When she was pregnant with her second child, Jenni Lane of Ann Arbor, MI, was given a routine ultrasound at 18 weeks. Jenni, her husband, and their young daughter were delighted to learn they would be adding a baby boy to their family. But later that night, a phone call brought devastating news: the fetus Jenni was carrying suffered from a severe brain malformation.
Over the course of the next few weeks, Jenni visited specialists and genetic counselors to learn more about her son’s condition. When she learned that he was unlikely to even survive full-term, Jenni made the painful decision to terminate her wanted pregnancy, a decision she understandably describes as “incredibly difficult, and so deeply sad.” By the time her termination was scheduled, Jenni’s pregnancy was in the 21st week.
If Michigan’s extreme anti-abortion legislation — HB 5711, 5712, and 5713 — becomes law, women like Jenni will no longer be permitted to make such a decision. That’s because the legislation would outlaw all abortions after 20 weeks in Michigan, with no exception even for cases of severe fetal abnormality. Much like Danielle Deaver of Nebraska — where an identical ban on abortions after 20 weeks is already in place — Michigan women would be forced to continue pregnancies even in situations where there is no chance for the survival of a child, or to incur the cost and stress of travel to a state where abortions after 20 weeks remain legal.
As painful as the experience was, Jenni says that it “would have been much less bearable if the law had forced (her) to carry the doomed pregnancy to term.” In a letter to the House Committee on Health Policy, she stated:
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“I don’t like to think how I might have felt waiting to lose Robert, with people smiling at my pregnant body and holding doors open for me, while I grieved privately.”
Experiences such as Jenni’s are sadly not uncommon; the vast majority of later abortions are performed for similar medical reasons, because so many serious conditions are impossible to detect until near or after the 20-week point. Far from being an exception to the rule, nearly all of the women affected by a ban on abortions after 20 weeks will be women just like Jenni, who are making the excruciating choice to end a wanted pregnancy in which the fetus cannot possibly survive.
Fortunately, after her loss, Jenni went on to have a healthy, normal pregnancy; her younger daughter celebrated her fifth birthday late last year. And she is grateful that her access to safe, quality, legal health care did not interfere with her ability to have a subsequent healthy pregnancy and delivery. But if HB 5711 passes into law, such safe, legal care in Michigan may soon be a thing of the past. In addition to its ban on all abortions after 20 weeks, the legislation would also impose a multitude of restrictions on providers and clinics, likely forcing many to close their doors, and placing safe abortion care out of reach in even the earliest stages of pregnancy.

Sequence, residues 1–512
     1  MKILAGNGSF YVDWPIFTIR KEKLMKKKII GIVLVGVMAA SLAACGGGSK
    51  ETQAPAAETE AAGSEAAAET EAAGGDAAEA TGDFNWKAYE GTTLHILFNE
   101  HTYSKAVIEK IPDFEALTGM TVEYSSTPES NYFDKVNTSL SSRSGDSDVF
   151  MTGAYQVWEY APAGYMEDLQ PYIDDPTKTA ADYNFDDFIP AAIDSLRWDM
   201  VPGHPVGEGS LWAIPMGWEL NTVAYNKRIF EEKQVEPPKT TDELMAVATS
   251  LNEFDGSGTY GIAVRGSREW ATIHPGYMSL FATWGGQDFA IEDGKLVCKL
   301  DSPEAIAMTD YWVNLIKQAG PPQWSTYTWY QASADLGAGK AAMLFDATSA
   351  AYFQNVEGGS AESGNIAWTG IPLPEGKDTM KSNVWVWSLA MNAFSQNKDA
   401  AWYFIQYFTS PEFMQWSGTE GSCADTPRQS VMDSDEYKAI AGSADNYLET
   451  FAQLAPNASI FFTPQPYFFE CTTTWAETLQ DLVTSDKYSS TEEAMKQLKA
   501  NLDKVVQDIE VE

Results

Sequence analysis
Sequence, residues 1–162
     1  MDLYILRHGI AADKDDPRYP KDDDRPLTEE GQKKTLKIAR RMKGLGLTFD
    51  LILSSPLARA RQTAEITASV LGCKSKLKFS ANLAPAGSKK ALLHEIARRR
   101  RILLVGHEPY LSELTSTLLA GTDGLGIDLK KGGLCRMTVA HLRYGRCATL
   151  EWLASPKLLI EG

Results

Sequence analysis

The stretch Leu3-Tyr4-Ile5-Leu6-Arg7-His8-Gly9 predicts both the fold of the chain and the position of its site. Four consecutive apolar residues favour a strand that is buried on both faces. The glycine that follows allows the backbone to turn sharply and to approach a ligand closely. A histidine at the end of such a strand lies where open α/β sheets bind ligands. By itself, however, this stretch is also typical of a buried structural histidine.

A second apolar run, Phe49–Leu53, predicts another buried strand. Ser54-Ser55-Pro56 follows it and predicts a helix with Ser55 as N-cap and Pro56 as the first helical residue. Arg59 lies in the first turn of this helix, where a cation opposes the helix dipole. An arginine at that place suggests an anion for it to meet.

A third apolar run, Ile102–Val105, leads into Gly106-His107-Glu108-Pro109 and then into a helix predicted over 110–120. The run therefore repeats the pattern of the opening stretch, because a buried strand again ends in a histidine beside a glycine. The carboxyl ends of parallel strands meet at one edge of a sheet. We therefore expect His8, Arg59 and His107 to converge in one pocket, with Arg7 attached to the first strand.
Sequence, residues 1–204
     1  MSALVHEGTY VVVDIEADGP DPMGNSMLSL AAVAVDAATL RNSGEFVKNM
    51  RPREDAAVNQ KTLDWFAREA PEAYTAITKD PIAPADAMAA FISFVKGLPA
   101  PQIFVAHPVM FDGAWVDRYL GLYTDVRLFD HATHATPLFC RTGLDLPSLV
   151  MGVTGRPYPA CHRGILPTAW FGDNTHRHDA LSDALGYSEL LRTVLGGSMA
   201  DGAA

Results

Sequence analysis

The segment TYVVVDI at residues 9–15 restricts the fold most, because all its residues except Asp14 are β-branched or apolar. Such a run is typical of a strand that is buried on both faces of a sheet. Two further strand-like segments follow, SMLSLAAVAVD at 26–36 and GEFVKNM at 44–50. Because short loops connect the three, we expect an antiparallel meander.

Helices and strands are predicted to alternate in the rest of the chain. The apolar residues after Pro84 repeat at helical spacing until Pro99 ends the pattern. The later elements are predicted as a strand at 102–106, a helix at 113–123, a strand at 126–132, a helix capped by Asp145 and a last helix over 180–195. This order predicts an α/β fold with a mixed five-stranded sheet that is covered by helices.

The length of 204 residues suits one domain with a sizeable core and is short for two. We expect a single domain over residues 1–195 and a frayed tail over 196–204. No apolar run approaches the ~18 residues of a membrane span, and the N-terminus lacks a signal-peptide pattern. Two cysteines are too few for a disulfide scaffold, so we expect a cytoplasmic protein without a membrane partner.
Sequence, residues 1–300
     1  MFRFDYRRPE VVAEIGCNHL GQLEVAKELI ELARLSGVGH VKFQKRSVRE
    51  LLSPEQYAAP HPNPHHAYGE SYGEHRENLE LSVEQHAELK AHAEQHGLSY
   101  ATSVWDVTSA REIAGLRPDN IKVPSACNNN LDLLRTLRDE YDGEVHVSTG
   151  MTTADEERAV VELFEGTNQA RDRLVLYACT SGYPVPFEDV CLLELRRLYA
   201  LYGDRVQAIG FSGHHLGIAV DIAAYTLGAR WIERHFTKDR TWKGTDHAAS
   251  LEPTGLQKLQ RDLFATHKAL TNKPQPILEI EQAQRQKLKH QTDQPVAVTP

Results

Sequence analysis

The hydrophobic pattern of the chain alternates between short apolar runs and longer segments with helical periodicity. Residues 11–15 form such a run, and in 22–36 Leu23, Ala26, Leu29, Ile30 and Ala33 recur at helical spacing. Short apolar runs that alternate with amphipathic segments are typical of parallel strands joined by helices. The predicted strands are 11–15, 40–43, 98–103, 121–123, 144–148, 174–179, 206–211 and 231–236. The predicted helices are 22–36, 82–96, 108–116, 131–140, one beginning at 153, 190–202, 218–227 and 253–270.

Jenni was unable to attend the Michigan House committee meeting on HB 5711-13 Thursday morning, but many other women with similar stories did attend, only to be blocked from testifying. Republican lawmakers in Michigan don’t want people to hear stories like Jenni’s: stories that poke a gaping hole into their claim to be concerned about the best interest of women, stories that conflict with their desire to paint all abortion-seeking women as heartless and irresponsible. These are the stories that make it clear —even to those with mixed personal views on abortion — that this legislation simply goes too far, and stands to do nothing but create more heartbreak for women in already tragic situations.
In blocking testimony from women about their experiences, Michigan lawmakers have gone beyond simply ignoring the needs of real women, and are instead actively seeking to silence women’s voices. It is often said that male lawmakers don’t care about women’s health because they are not directly affected by such issues. But in light of such harsh legislation, that assessment seems far too generous. We need to recognize these attacks for what they are: a deliberate effort to undermine the well-being and lives of women.
In the evening following the House committee’s favorable recommendation of HB 5711-13, Jenni Lane offered these thoughts about our legislators’ shameful behavior:
“I feel so angry and so deeply sad that legislators supporting these bills are willfully ignoring stories like mine. It’s unconscionable, because women’s lives and health are at stake, and the expertise of medical providers is undermined and ignored. I have been tentative about that phrase that is used right now, the ‘war on women,’ because it sounds too much like polarizing rhetoric. But today, my own personal hurt and anger does make me feel attacked. When people in positions of power abuse it to implement policies that have devastating effects on other people, it’s aggressive and adversarial. But when these legislators simply will not hear from those who they disagree with, it feels ‘un-American,’ and fundamentally wrong.”
These legislators may be able to block women’s testimony at the capitol to protect their own agenda, but they cannot silence us completely. As long as women like Jenni are willing to speak out and bravely share their stories, we all have a responsibility to make certain those stories are heard. The people of Michigan are smart enough to realize that prolonging pregnancies that can only end tragically does not protect the interest of women or families. It is a practice that would protect only the interests of those in power. And that is not democracy in action.